findings3
Findings

Cultural: Negative stigma attached to low or zero carbon technologies- high cost and reliability issues.

“We want to do a communal heating system for five houses, cost £50,000, that’s £10,000 per property and look after costs. It doesn’t make good sense”.

Legislation: lack of guidance and too complicated.

“Very little data to build level 3 never mind beyond. The amount of help has been nothing, the Code assessors only assess, they don’t give advice, recommend. What needs to be done is somewhere we can access good coherent information on practices like a good practice website”.

findings4
Findings

Council workers lack knowledge as they don’t come from a ‘housing background’.

“We need the councils support before we go to the HCA. We spoken a lot of councils but when we talk to them they don’t realise the difficulty of achieving level 3 and 4. There are a lot of things in the Code that the councils aren’t aware of”.

CfSH- harder for small and rural RSLs- especially the mandatory requirement to reduce surface run off. Very inflexible and increases friction between HCA, LA and RSLs.

“Maintenance issue on solar panels and heat pumps. You would have to go to that organisation because they are the organisation can do it… It’s a bit unpopular [CfSH], we don’t have a choice and they [LA and HCA] don’t see that. They just think we are being awkward”.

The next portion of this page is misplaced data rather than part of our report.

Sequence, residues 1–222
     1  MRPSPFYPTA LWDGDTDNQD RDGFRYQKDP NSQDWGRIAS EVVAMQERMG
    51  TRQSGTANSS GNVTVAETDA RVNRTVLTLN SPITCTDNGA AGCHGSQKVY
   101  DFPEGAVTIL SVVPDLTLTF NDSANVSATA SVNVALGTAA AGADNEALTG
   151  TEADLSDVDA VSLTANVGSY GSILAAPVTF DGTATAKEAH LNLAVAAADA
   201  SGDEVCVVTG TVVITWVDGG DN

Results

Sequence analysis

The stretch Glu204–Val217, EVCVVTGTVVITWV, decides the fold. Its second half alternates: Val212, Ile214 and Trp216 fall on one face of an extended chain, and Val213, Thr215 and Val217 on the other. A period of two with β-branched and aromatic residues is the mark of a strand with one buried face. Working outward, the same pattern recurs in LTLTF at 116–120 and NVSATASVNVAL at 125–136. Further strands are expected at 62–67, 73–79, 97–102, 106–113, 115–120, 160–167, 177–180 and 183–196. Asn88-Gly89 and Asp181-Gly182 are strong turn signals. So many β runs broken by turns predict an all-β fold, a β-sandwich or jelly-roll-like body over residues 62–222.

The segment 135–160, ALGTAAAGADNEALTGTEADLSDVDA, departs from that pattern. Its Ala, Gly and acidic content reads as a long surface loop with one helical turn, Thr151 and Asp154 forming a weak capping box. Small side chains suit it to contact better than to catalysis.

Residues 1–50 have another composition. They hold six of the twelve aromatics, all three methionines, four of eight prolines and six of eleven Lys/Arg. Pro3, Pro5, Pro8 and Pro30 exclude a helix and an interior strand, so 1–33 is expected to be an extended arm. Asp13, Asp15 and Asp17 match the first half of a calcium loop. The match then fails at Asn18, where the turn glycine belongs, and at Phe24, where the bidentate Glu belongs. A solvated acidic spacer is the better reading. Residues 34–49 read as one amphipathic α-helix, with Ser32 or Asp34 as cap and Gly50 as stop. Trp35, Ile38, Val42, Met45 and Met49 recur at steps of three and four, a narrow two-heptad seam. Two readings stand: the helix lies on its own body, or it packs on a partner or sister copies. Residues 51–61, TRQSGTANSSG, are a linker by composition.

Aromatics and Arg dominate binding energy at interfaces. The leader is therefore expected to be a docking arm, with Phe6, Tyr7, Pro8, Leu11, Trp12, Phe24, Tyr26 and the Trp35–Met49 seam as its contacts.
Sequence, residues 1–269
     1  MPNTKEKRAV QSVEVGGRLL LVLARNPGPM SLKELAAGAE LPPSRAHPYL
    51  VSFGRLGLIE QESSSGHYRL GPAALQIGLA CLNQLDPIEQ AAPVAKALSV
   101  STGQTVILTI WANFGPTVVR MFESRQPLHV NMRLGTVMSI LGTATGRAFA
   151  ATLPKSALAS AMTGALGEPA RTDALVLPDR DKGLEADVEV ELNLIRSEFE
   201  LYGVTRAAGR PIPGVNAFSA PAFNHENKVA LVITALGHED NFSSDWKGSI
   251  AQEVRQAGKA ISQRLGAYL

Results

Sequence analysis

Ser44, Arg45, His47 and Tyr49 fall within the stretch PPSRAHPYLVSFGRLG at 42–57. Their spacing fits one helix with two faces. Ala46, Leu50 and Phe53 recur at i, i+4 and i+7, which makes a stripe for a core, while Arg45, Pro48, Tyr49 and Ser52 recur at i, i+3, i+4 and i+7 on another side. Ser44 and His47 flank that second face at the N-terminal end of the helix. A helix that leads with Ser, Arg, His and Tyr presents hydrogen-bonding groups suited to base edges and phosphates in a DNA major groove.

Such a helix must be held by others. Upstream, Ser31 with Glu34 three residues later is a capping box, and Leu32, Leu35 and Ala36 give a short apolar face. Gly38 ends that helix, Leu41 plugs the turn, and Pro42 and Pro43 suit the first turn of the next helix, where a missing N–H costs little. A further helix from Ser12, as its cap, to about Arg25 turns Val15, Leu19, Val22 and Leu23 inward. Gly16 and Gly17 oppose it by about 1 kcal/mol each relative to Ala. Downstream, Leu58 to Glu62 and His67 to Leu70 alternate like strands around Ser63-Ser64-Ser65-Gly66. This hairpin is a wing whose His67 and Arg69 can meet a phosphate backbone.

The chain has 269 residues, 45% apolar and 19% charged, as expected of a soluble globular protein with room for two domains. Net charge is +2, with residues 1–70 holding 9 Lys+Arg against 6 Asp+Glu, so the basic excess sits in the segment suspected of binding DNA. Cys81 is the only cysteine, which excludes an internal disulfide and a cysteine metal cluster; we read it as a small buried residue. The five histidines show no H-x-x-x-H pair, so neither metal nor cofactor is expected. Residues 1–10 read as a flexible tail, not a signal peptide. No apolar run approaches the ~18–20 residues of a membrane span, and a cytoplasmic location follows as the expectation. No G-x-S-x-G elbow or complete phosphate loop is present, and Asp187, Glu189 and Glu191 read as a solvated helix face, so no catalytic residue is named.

findings5
Findings

Social landlords should focus on housing that is affordable rather than to develop higher levels of the Code.

HCA relaxed the demand for homes beyond Code level 3 due to the current economic climate.

Existing homes must be made more efficient- same as new development. If not, problems will arise for housing management e.g. different running costs, older stock may become unpopular.

findings6
Findings

Design and Tech: Only applicable for large scale developments.

“Yeah you could look at district heating systems, economies of scale… If you are going to build six up in the Dales you got no chance”.

Renewable technologies- costly, reliability issues, tenants find it difficult to use and difficulties on managing e.g. someone needs to manage a district heating system.

“Is it value for money or just ticking a box in a form?”.

findings7
Findings

Reducing surface water runoff- implement rainwater harvesting system  costly for organisation, unpleasant for tenants and requires electricity that goes against the 25% reduction on CO2.

Peoples’ wants might be compromised in order for the RSL to meet various standards e.g. lack of en-suite, can’t have full bath and radiators on walls. Low carbon lifestyle must be developed first.

findings8
Findings

What would RSLs like to be doing more of in terms of providing low or zero carbon housing and how this can be better facilitated?

Targeting private developers.

More funding.

Increase flexibility.

Clearer guidance on the CfSH.

conclusion
Conclusion

CfSH is the most important factor to build beyond Code level 3. Must be treated with caution.

Building beyond Code 3 can fulfill the landlords moral obligations.

Financially unviable to build to Code level 5 and 6.

Must be a level playing field.

If the UK Government does not put the CfSH high on its agenda then it is unlikely to move beyond tokenism and rhetoric.